How to Be the Best Roommate

be a good roommate

One of the hallmarks of becoming an adult is recognizing where we can improve and then taking the necessary steps to make those improvements. As you enter your college years, a big change in your life is going to be living with people who aren’t your family. Here at Junction Cottages & Townhomes, we are proud to offer a diverse array of apartments ranging from two bedrooms to four. This means, however, that if you live here, you most likely have a roommate (or three) and while you don’t have to be best friends with your roommate, having a positive relationship with them is key to enjoying a happy and healthy living environment.

But what does it take to get to a positive relationship? Well, first it means understanding that it may take two to tango but someone has to take the first step to the dance floor. Be that person and foster a better roommate relationship today with the following tips on how to be the best roommate:

How to Be the Best Roommate

Communication is King

Learning how to properly communicate is quite possibly the greatest skill you can ever learn. We are, after all, a social species and understanding how to properly communicate with employers, colleagues, romantic interests, professors, friends, strangers, and, yes, roommates will take you far in this world. Communication is the very foundation upon which you will build your future successes and you can begin honing that skill right now by practicing better communication with your roommate.

If you haven’t yet moved in with your roommate, be proactive and talk to them about the things you’re bringing to the apartment and determine what they are bringing. From the very start, you should see this as building a common space together. Most importantly, you should communicate the expectations each of you have of 1. each other and 2. the apartment. A sit-down conversation on expectations can be done both before and after you’ve moved in together. For example, overnight guests. Are both of you okay with overnight guests? If not or if so, what are the exact boundaries you expect each other to respect?

Be Prepared to Compromise

Communication is a two-way street and you should be prepared for your roommate not to have the same expectations as you do. Thus, you will need to compromise. Communicate with each other what your needs/expectations are out of a positive roommate relationship but be prepared to compromise.

If something that your roommate does irks you, don’t be passive, talk with them. Encourage them to do the same with you. Only once grievances are aired can you make ground for compromises. For example, if you are upset with how your roommate doesn’t take out the trash when needed, sit down, have a conversation and make out a plan or a compromise that works for both of you. Maybe you determine that you’ll take out the trash but they will do other chores like wiping down countertops every evening.

Always keep in mind that nobody’s perfect. Mistakes will happen. Lapses will occur. They might skip dishes before a big date.  You might leave clothes on the bathroom floor when running out the door late. Accept these things happen and endeavor to do better tomorrow. Communicate your roommates’ lapses where necessary and have empathy that they will likewise work to be better.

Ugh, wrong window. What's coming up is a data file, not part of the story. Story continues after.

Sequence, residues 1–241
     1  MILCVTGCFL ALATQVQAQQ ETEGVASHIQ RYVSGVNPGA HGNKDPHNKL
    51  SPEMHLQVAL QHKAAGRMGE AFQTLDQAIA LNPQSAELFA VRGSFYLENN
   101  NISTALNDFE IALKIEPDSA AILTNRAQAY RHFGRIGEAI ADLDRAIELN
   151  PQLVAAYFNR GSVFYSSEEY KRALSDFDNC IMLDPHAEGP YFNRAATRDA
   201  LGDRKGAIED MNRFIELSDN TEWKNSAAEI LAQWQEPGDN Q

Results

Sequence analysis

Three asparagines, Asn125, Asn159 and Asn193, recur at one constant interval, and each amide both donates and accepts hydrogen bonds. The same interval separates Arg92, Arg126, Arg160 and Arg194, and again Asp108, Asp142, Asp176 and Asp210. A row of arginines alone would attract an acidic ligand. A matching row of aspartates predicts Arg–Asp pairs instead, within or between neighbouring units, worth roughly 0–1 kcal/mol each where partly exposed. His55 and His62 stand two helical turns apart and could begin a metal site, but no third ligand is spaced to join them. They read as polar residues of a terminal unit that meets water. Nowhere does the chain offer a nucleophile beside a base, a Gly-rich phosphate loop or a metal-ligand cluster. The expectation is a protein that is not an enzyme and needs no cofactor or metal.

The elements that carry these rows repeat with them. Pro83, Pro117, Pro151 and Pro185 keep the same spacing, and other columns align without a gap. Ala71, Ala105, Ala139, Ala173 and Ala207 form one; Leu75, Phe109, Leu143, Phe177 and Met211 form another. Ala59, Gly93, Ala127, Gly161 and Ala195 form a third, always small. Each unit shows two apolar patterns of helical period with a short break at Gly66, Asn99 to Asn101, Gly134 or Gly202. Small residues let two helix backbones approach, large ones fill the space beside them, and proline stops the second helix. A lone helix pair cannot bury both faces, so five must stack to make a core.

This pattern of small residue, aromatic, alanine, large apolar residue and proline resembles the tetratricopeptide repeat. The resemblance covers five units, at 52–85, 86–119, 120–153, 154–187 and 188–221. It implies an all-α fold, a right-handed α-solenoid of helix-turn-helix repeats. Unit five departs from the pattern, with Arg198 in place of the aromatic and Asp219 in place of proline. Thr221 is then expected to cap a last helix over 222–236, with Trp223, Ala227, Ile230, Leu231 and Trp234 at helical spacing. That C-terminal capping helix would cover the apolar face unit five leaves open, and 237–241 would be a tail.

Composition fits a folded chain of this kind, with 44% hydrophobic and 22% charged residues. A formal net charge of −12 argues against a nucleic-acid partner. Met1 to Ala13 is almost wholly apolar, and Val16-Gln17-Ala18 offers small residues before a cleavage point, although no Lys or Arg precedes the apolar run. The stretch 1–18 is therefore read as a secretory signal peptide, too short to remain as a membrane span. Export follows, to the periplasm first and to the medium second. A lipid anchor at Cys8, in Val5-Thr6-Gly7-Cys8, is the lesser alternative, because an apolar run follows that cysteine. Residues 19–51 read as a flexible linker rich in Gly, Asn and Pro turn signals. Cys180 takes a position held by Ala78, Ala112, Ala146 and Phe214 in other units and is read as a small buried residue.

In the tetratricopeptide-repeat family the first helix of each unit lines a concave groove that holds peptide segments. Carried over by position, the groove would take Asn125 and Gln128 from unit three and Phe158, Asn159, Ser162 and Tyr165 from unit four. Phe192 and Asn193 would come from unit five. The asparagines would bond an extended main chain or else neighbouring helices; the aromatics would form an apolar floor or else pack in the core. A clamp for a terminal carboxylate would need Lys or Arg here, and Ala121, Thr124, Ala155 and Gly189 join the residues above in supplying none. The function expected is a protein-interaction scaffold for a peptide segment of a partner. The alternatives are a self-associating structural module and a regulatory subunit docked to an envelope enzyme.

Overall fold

Respect Your Roommate’s Space, Privacy, and Things

When we live at home with our family, many things are shared. Food is shared, games are typically shared, dishes are shared, etc. This isn’t so when you live with a roommate. Typically, they will have their food, their games, their dishes, and more. Even if things exist in the common space (such as their air fryer on the kitchen countertop), you should not expect to have access to their things unless they explicitly tell you you do. Respect those boundaries.

In addition to their things, respect your roommate’s privacy and space. While it can be desirable to be close friends and confidants with a roommate, that doesn’t often happen. In fact, often the best roommate situations are those where roommates get along but aren’t BFFs. That’s because this creates a peaceful, comfortable living environment sans the complexities of friendship relationships. Plus, there will be hard conversations at times like discussing bills and duties. These types of conversations often are easier with roommates that you are friendly with over best friends. So if your roommate doesn’t want to chat about their last date, don’t push it. Respect their privacy and you’ll often find that they’ll afford you the same respect.

In Summary, Be the Roommate You Want to Have

Put together these tips and you’ll see that the best way to be a roommate is to take on the characteristics you’d wish to see in your ideal roommate. If things are perfect now, be patient, communicate, and lay out your expectations for a better tomorrow. And if you need help finding a new roommate or apartment, don’t hesitate to contact our friendly front staff here at Junction Cottages & Townhomes.

 

 

 

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